The Ecology of Freedom

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The Ecology of Freedom: The Emergence and Dissolution of Hierarchy
The Ecology of Freedom.jpg
Cover of the first edition
Author Murray Bookchin
Country United States
Language English
Subject Hierarchy
Published 1982
Media type Print (Hardcover and Paperback)
Pages 480 (2005 edition)
ISBN 978-1904859260 (2005 edition)

The Ecology of Freedom: The Emergence and Dissolution of Hierarchy is a 1982 book by American libertarian socialist and ecologist Murray Bookchin, in which the author describes his concept of social ecology, the idea that ecological problems are based on human social problems and can be solved only by social means. Sometimes regarded as Bookchin's magnum opus, the work has also been criticized as utopian.


Bookchin is critical of the class centered analysis of Marxism and simplistic anti-state forms of libertarianism and liberalism and wished to present what he saw was a more complex view of societies. Bookchin writes that:

My use of the word hierarchy in the subtitle of this work is meant to be provocative. There is a strong theoretical need to contrast hierarchy with the more widespread use of the words class and State; careless use of these terms can produce a dangerous simplification of social reality. To use the words hierarchy, class, and State interchangeably, as many social theorists do, is insidious and obscurantist. This practice, in the name of a "classless" or "libertarian" society, could easily conceal the existence of hierarchical relationships and a hierarchical sensibility, both of which––even in the absence of economic exploitation or political coercion––would serve to perpetuate unfreedom.[1]

Bookchin also points to an accumulation of hierarchical systems throughout history that has occurred up to contemporary societies which tends to determine the human collective and individual psyche:

The objective history of the social structure becomes internalized as a subjective history of the psychic structure. Heinous as my view may be to modern Freudians, it is not the discipline of work but the discipline of rule that demands the repression of internal nature. This repression then extends outward to external nature as a mere object of rule and later of exploitation. This mentality permeates our individual psyches in a cumulative form up to the present day––not merely as capitalism but as the vast history of hierarchical society from its inception.[2]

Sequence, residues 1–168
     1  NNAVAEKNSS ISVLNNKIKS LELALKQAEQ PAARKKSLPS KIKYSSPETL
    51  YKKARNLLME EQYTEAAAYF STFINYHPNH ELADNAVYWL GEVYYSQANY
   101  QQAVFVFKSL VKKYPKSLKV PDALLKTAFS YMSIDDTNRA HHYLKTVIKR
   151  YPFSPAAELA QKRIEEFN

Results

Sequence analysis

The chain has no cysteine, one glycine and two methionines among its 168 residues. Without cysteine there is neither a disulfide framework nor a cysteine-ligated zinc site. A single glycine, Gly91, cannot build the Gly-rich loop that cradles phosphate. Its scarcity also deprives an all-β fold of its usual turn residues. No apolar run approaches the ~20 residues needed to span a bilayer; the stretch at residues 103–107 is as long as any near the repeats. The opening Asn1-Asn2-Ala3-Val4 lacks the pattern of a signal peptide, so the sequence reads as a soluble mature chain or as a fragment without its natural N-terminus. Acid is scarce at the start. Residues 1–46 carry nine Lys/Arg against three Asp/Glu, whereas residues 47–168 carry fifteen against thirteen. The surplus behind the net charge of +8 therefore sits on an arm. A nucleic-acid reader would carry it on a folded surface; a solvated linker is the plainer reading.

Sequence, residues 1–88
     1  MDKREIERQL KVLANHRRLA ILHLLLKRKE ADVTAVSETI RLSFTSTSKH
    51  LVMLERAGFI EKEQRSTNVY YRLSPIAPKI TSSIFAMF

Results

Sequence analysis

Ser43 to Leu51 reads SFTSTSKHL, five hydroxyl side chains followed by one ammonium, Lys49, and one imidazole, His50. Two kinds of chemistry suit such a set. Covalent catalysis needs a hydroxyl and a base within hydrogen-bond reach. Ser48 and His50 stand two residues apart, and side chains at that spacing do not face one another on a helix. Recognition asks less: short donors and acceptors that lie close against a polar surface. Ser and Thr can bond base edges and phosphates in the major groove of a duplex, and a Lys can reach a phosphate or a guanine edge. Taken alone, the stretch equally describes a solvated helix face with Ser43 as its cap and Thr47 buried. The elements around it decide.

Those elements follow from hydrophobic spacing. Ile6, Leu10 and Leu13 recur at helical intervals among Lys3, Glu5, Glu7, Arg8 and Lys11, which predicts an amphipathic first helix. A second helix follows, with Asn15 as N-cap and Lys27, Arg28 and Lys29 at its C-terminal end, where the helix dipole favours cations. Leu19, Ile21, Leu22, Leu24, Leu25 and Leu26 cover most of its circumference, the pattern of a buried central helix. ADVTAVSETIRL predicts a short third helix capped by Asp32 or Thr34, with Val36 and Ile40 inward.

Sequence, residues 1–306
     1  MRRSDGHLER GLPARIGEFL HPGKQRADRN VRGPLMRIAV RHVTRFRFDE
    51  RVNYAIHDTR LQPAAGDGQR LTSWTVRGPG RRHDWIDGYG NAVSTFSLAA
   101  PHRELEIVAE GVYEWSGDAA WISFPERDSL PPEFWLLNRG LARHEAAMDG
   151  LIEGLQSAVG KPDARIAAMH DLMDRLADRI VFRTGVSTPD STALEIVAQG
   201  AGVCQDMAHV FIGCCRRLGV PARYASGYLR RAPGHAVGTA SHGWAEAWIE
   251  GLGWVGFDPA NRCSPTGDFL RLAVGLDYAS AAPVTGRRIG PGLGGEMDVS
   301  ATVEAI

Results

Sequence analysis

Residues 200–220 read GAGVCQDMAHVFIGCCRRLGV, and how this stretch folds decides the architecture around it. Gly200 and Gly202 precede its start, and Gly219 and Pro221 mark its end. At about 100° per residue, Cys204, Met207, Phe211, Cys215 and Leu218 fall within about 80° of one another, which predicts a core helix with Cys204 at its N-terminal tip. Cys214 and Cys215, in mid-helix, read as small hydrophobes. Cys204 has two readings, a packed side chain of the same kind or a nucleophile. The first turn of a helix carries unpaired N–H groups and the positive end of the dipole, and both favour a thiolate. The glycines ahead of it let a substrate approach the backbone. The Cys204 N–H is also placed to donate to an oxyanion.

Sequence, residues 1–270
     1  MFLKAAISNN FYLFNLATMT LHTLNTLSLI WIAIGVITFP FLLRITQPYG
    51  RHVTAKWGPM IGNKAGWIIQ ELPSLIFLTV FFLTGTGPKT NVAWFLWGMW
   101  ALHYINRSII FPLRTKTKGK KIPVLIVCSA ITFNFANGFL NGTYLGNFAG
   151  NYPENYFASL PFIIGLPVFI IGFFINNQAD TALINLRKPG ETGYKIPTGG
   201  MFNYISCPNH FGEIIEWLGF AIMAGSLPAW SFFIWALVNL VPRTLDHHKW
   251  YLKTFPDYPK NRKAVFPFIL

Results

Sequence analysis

Anarchist author Ulrike Heider, writing in Anarchism: Left, Right, and Green (1994), described Bookchin's book as "a utopian work" in which "The social and political reality of the past, present, and future are pretty much faded out and capitalism is neither mentioned nor criticized."[3] Bookchin replied to Heider's criticism of his work at length, calling it unethical and a distortion of his views. In particular, he described Heider's assertion that he does not criticize capitalism as a fabrication.[4] Janet Biehl wrote in her introduction to The Murray Bookchin Reader (1999) that The Ecology of Freedom has been regarded as "Bookchin's magnum opus". In her view, however, several of Bookchin's subsequent books are of "at least equal importance." Biehl credited Bookchin with demonstrating that "the rise of hierarchy eroded the complementarity of relatively egalitarian communities long before the appearance of property ownership."[5]

Kurdish leader Abdullah Öcalan studied The Ecology of Freedom while in solitary confinement in a Turkish prison, and was reportedly impressed by Bookchin's work.[6]


  1. ^ Murray Bookchin (1982). The Ecology of Freedom: The Emergence and Dissolution of Hierarchy. Palo Alto: Cheshire Books. p. 3.
  2. ^ Murray Bookchin (1982). The Ecology of Freedom: The Emergence and Dissolution of Hierarchy. Palo Alto: Cheshire Books. p. 8.
  3. ^ Ulrike Heider (1994). Anarchism: Left, Right, and Green. San Francisco: City Lights Books. p. 83.
  4. ^ Bookchin, Murray (1994). "A Meditation on Anarchist Ethics". The Raven: Anarchist Quarterly. 7 (4): 328–46.
  5. ^ Janet Biehl (1999). The Murray Bookchin Reader. Montréal: Black Rose Books. pp. 11, 75.
  6. ^ Wes Enzinna (November 24, 2015). "A Dream of Secular Utopia in ISIS' Backyard". New York Times Magazine.